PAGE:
By Gustavo Arellano
By R. Scott Moxley
By Alfonso Delgado
By Courtney Hamilton
By Joel Beers
By Peter Maguire
By Charles Lam
By Charles Lam
Photo by Jeanne RiceFor just shy of four years, I was a staff reporter at The Orange County Register. On Nov. 6, I got laid off.
It was sort of "Donner, party of one," since nobody else in the newsroom got the ax. According to editor and senior vice president Tonnie Katz, a downshift in ad revenues had caused publisher Chris Anderson to issue an edict that the news department needed to take in a tuck. Happily for the bottom line, the elimination of my salary would put the newsroom budget back on an even keel. If so, I'm glad to trudge up Golgotha.
But I don't think that was it. I think I got canned, not exactly for whistle-blowing, but for a plaintive bleat I made on an in-house electronic forum about one of the Register's deceptive practices.
The Register, understandably, is touchy about credibility. National polls continue to underscore that the public doesn't much trust the media. Most of the gripes that trickle in to Reg ombudsman Dennis Foley carp about the Register's frequent, irritating inaccuracies. This is mostly niggling stuff and more amusing than worrisome. For example, some Register caption writer put "soldiers" on the doomed Russian submarine Kursk. Even a senile old fud in his Barcalounger in Mission Viejo knows that sailors man naval vessels. Wrong dates, misspellings, garbled nomenclature and other two-bit errors are the inevitable effluvia of the Register's young copy desk. At your typical newspaper, the copy editors are ancient, bitter, alcoholic failures whose last scrap of dignity involves holding the line against factual error. They have a withering contempt for blasť reporters who bobble World Series dates or don't know that the CDC is the Centers for Disease Control.
But the rookie copy desk at the Register is not my peeve. My bitch, which I aired a few months ago on the newsroom-wide ombudsman's forum, criticized the Register's reliance on phony "reaction" stories masquerading as news. I had developed a distaste for a certain kind of bogus story the Register often prints, designed to fool the reader into thinking the paper is on top of the community.
I wasn't on my high horse. In 37 years of newspapering, I've cranked out a ton of this crap, although for the past year, I'd sworn off. Nor is this sin peculiar to the Register; most newspapers are guilty to some degree. But as a second-tier, provincial paper, the Register struggles desperately to localize everything. Executive editor Ken Brusic says he likes to think of the Register as a country weekly published every day. Billboards proclaim that the Register is Orange County's newspaper, although until recent cutbacks the Los Angeles Times ran more column inches of Orange County news.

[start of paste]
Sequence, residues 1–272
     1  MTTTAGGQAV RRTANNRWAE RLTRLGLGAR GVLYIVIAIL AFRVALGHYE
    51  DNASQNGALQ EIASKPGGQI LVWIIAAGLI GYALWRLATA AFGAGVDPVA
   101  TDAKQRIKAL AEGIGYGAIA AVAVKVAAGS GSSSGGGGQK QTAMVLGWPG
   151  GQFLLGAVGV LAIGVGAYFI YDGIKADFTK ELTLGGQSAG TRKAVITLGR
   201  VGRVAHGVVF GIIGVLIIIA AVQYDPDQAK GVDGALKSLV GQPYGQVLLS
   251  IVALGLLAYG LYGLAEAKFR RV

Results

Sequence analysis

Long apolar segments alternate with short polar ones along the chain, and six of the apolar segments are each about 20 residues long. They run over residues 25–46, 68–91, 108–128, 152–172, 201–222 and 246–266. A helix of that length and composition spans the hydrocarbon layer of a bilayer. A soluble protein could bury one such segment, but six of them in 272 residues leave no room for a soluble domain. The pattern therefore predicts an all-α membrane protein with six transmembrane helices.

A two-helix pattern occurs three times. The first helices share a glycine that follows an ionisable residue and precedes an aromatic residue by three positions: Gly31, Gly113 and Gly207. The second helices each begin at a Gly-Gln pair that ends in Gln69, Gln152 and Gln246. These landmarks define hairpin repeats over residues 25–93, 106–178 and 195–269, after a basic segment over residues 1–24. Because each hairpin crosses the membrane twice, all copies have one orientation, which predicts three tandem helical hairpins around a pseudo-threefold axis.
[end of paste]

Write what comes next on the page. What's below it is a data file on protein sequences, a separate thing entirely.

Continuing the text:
Anyway, the Register markets the perception that it's local. Thus, it's policy that editors must always try to tie local reaction to any extramural doings. What does Orange County think about Oval Office sex? How has Orange County reacted to pilot error off Martha's Vineyard or to a celebrity auto fatality in Paris? In my posting to the ombudsman, I said what most of the staff already know: that a lot of these stories are pretty much bullshit, pretending to know what they don't and making sweeping statements unsupported by meaningful evidence, and they are assigned solely for appearances. Most are based on a handful of random man-on-the-street interviews.
Lots of reporters and editors are responsible for these things, but since I don't want to break anybody's rice bowl, I'll use examples from my own checkered—and now historical—career at the Register.
In my posting to the ombudsman, I mentioned that my personal worst for reaction stories was one that ran on Sept. 18, 1999. The headline: "Korean Community Cautiously Optimistic on Trade Move." Subhead: "REACTION: But some condemn the easing of restrictions as a form of capitulation." In the lede, I wrote, "Orange County Korean-Americans responded cautiously to the Clinton administration's decision to ease trade restrictions with North Korea." It went on for 703 boring words, sounded authoritative and conveyed the impression that the Register might know something about Orange County Koreans. Nope. My story was based entirely on quick phone interviews with two businessmen. For one of them, the English language was a very distant second cousin. I'd been assigned this turkey by one of the little chiefs late in the afternoon, and after a few hours of calling around with deadline coming up, that's all I had. The subeditor and I both knew the story was bullshit. The thing is I could write it so there was no overt lie. And we had our orders. So the next day, the Register put another one over on the minuscule number of readers who care about the Korean community's reaction.
It's no big deal. Nobody reads this stuff. But it's bogus. That was my point to the ombudsman—that any time a reader sees "REACTION" in a headline, he oughta be wary. Here's one I helped on during the Monica Lewinsky scandal: "On Main Street in Orange County, people paused to consider the possibility that President [Bill] Clinton might face impeachment now that Congress has received the report of independent counsel Kenneth Starr. For the most part, they didn't like the idea." A careless reader might assume from the lede that the Register had done some scientific polling of the county's 2.7 million residents. In fact, the story was based on a handful of random interviews. We had no clue what the people of Orange County thought about the Starr report.